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A pop generation ago, Manchester, England, produced a crop of bands whose churning dance rock and puree of influences both modern (hip-hop) and ancient (60s classic rockers) combined to create an intense and seemingly portentous branch of pop music. Among these were the Charlatans (the "UK" is a legal nicety in the U.S.), who were more grounded than the drugged-out Happy Mondays, more focused than the more acclaimed Stone Roses. Their fame in England was immediate, but some boys from Seattle got in the way of worldwide domination, and most things British were quickly forgotten. Now there's a new wave of Brit bands getting attention, and the Charlatans are back in style again. Their new self-titled album, their fourth, displays many of its predecessors' weaknesses: utterly banal lyrics, a tendency toward album filler. But in their own way the Charlatans are more substantive than most: they boast a deep, groovy bass; a swirling danceability; sweaty, steamy beats. And most of all there are those influences, particularly the early ones, which the Charlatans brandish proudly. It can be a game: hey, there's that Deep Purple riff, the "Feeling Alright" groove, the chord progression from "Something in the Air," the piano from "You Can't Always Get What You Want," and as for that snatch of chorus, it's, wait a minute, oh yes: "Torn and Frayed" from Exile on Main St. Nothing important or meaningful, you understand, just that good mid-level rock everyone complains there's not enough of these days. Menswear are a cheerful British pop outfit whose youth (late teens, early 20s) provides both a selling point and an excuse for their debut record's adolescent compositions. Wednesday, 7 PM, Metro, 3730 N. Clark; 549-0203.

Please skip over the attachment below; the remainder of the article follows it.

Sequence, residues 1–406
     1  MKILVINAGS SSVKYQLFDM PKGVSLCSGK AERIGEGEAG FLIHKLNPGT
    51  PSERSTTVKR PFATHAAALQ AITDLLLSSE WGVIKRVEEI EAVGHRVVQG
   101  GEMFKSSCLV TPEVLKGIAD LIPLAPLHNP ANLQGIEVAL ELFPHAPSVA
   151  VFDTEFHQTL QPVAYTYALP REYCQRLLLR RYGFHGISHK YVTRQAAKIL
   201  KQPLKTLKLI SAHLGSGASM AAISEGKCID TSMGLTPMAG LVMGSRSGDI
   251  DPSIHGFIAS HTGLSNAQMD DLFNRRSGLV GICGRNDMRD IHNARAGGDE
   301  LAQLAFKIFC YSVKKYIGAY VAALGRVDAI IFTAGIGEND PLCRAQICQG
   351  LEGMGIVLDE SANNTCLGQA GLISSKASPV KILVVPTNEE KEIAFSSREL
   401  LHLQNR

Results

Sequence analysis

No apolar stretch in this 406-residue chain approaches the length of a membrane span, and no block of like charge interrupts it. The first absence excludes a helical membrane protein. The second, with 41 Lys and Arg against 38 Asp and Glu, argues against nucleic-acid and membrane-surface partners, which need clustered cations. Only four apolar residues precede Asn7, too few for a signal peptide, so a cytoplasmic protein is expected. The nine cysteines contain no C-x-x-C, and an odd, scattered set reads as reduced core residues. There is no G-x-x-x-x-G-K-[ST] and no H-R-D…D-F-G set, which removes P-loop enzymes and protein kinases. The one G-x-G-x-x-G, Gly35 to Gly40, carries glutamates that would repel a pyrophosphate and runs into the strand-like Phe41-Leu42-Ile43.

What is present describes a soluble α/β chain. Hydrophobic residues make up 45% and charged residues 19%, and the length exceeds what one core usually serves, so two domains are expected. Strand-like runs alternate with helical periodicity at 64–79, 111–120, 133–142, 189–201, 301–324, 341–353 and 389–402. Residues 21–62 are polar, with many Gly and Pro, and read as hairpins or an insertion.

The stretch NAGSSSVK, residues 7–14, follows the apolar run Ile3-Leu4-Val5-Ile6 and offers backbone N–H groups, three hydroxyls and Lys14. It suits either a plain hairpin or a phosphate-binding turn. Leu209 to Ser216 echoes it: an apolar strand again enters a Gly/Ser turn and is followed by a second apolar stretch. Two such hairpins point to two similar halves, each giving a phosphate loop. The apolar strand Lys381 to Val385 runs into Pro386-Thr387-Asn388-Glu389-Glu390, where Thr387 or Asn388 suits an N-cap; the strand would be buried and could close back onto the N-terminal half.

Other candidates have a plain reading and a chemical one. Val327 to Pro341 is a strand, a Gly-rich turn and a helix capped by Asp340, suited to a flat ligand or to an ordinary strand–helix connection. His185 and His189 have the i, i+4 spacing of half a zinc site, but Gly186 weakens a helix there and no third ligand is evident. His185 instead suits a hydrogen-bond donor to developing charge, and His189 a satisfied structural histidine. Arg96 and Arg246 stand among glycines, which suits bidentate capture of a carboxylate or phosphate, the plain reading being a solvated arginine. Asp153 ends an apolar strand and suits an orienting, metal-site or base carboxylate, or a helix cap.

Art accompanying story in printed newspaper (not available in this archive): photo/Tom Sheehan.

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